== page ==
Ahmadinejad Misrepresents Iranian Law on Juvenile Executions
(27 September 2008) President Ahmadinejad falsely claimed that Iranian law does not allow for the execution of juvenile offenders in an interview with the New York Times, published on 26 September 2008. As the International Campaign for Human Rights in Iran and other human rights organizations have thoroughly documented, Iran leads the world in executing juvenile offenders.
According to the transcript of the interview, published on the New York Times’ website, Ahmadinejad said: “In Iran youngsters are not executed. Where have they been executed? Our law actually sets 18 as the criminally liable age for capital punishment.”“Either President Ahmadinejad is ignorant of his country’s laws and practices or he is purposefully deceitful. Either way, he cannot change the truth that Iran is the only country to execute child offenders in 2008,” Hadi Ghaemi, the Campaign’s spokesperson said.
Article 49 of the Islamic Penal Code explicitly states the age of penal responsibility as the age of puberty. Iran’s Civil Code specifies the age of puberty as 15 lunar years for boys and 9 lunar years for girls.
Iran executed 16-year-old Mohammad Hassanzadeh, an Iranian Kurd, on 10 June 2008. The latest juvenile execution took place on 26 August 2008, when the authorities hung Behnam Zare (pictured above) in Shiraz for a crime he committed at age 15. In 2008, Iran has executed six juvenile offenders so far.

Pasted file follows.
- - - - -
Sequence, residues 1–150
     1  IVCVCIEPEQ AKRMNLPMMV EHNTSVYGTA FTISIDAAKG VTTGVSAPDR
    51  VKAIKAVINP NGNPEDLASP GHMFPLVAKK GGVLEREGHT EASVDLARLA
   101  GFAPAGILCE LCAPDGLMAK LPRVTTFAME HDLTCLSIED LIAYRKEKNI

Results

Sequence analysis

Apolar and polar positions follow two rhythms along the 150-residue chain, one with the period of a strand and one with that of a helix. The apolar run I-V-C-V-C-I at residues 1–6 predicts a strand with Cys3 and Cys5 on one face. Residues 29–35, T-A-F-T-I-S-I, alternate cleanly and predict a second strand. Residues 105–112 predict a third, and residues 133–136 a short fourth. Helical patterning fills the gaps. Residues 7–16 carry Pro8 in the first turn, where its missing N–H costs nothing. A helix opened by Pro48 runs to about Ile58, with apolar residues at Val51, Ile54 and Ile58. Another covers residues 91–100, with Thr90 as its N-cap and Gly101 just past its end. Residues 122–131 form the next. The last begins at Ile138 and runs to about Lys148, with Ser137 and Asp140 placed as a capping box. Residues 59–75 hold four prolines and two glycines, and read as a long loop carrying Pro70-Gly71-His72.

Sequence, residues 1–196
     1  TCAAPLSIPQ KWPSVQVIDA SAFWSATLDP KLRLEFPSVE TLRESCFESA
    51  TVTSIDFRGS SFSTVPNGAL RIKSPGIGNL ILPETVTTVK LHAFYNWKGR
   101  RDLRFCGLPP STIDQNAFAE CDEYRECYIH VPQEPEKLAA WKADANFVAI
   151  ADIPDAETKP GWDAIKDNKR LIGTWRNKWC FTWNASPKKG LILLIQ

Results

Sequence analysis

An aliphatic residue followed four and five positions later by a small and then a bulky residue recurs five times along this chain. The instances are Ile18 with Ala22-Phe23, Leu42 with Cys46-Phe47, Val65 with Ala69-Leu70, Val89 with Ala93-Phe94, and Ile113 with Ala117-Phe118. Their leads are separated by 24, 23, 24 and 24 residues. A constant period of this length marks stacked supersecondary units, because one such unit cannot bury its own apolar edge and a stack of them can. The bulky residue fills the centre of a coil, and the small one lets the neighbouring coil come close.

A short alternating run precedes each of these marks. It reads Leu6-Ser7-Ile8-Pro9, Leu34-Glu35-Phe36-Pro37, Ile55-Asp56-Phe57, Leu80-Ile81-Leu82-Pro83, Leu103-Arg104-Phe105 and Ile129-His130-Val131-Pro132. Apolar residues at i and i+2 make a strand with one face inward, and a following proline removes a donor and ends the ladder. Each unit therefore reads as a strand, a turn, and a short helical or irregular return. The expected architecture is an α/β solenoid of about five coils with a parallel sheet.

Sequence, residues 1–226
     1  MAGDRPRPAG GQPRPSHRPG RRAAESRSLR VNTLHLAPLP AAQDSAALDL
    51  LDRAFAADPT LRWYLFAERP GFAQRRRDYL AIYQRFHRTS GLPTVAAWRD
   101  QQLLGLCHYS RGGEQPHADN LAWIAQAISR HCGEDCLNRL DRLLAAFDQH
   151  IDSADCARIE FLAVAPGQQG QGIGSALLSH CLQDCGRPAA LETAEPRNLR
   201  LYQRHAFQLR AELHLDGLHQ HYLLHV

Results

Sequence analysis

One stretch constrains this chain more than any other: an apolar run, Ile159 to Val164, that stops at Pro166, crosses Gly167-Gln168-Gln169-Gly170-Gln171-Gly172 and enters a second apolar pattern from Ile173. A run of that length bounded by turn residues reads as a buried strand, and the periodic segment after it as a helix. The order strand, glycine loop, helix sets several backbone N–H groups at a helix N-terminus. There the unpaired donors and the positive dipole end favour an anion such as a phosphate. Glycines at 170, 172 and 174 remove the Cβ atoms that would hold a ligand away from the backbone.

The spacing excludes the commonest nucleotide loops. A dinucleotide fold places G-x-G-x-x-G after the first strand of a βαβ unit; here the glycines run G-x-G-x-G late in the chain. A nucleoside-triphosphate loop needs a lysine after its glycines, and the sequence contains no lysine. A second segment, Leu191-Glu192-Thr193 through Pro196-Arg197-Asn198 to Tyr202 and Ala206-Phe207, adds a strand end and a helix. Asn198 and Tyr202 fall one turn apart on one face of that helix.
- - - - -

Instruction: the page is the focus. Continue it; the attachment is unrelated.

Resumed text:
When New York Times reporters challenged Ahmadinejad’s assertion by mentioning the name of Behnam Zare, Ahmadinejad said: “Ah. Sometimes these figures get confused with the execution of drug traffickers. A large band of drug traffickers was actually executed in Iran, that is true.”
However, Zare was convicted of killing an associate and his case had no connection to drug trafficking. Zare, who was born in 1989, insisted his crime was an accident in the context of a childish quarrel. The International Campaign for Human Rights in Iran has received a transcript of these words recorded from his prison cell days before his death: “I am Behnam Zare. I have been kept in Adel Abad prison in Shiraz, for 3 years. I am a murderer. I regret. It was only an accident. Human rights defenders! Save my life. I want to live. I want to be free. Is there someone to hear me? Is there someone to help me? I am spending my last days of life. Any minute I could be executed. I want to live. Save me…”
The Campaign has called on Iran to immediately and unconditionally abolish the death penalty for children and honor its obligations under international human rights treaties. A coalition of 24 major international and regional human rights organizations called on Iran to halt juvenile executions on 8 July 2008. UN human rights officers have repeatedly urged Iran to comply with its international treaty commitments.